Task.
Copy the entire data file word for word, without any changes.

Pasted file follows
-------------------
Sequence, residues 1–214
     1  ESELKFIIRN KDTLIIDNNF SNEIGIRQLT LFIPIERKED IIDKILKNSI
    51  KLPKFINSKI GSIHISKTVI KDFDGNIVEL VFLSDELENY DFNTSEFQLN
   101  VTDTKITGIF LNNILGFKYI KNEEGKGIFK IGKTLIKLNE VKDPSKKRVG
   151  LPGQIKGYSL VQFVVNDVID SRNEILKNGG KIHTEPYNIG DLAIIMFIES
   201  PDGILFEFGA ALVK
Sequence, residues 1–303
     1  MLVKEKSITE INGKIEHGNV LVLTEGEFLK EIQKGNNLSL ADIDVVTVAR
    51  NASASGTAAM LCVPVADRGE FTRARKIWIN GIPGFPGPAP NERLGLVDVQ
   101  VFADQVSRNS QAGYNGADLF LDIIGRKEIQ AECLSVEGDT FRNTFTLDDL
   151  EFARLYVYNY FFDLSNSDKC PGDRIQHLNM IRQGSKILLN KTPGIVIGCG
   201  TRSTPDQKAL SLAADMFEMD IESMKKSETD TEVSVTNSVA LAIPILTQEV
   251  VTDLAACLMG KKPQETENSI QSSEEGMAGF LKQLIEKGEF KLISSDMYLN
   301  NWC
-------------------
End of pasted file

Sequence, residues 1–214
     1  ESELKFIIRN KDTLIIDNNF SNEIGIRQLT LFIPIERKED IIDKILKNSI
    51  KLPKFINSKI GSIHISKTVI KDFDGNIVEL VFLSDELENY DFNTSEFQLN
   101  VTDTKITGIF LNNILGFKYI KNEEGKGIFK IGKTLIKLNE VKDPSKKRVG
   151  LPGQIKGYSL VQFVVNDVID SRNEILKNGG KIHTEPYNIG DLAIIMFIES
   201  PDGILFEFGA ALVK
Sequence, residues 1–303
     1  MLVKEKSITE INGKIEHGNV LVLTEGEFLK EIQKGNNLSL ADIDVVTVAR
    51  NASASGTAAM LCVPVADRGE FTRARKIWIN GIPGFPGPAP NERLGLVDVQ
   101  VFADQVSRNS QAGYNGADLF LDIIGRKEIQ AECLSVEGDT FRNTFTLDDL
   151  EFARLYVYNY FFDLSNSDKC PGDRIQHLNM IRQGSKILLN KTPGIVIGCG
   201  TRSTPDQKAL SLAADMFEMD IESMKKSETD TEVSVTNSVA LAIPILTQEV
   251  VTDLAACLMG KKPQETENSI QSSEEGMAGF LKQLIEKGEF KLISSDMYLN
   301  NWC